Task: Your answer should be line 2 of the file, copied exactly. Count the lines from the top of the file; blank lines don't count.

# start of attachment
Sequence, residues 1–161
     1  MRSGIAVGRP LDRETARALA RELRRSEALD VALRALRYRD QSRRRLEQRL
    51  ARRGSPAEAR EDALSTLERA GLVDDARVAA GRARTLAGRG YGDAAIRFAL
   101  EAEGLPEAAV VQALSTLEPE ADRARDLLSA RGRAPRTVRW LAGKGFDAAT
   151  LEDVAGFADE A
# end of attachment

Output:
     1  MRSGIAVGRP LDRETARALA RELRRSEALD VALRALRYRD QSRRRLEQRL